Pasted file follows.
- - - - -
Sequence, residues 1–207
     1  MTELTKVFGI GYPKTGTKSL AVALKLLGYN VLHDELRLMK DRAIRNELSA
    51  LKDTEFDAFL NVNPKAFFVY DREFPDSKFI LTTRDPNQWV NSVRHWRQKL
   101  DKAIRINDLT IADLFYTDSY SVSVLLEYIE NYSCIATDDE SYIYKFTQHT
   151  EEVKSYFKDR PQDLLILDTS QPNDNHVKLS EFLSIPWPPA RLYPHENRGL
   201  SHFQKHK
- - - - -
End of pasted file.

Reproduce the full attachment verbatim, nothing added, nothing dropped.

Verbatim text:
Sequence, residues 1–207
     1  MTELTKVFGI GYPKTGTKSL AVALKLLGYN VLHDELRLMK DRAIRNELSA
    51  LKDTEFDAFL NVNPKAFFVY DREFPDSKFI LTTRDPNQWV NSVRHWRQKL
   101  DKAIRINDLT IADLFYTDSY SVSVLLEYIE NYSCIATDDE SYIYKFTQHT
   151  EEVKSYFKDR PQDLLILDTS QPNDNHVKLS EFLSIPWPPA RLYPHENRGL
   201  SHFQKHK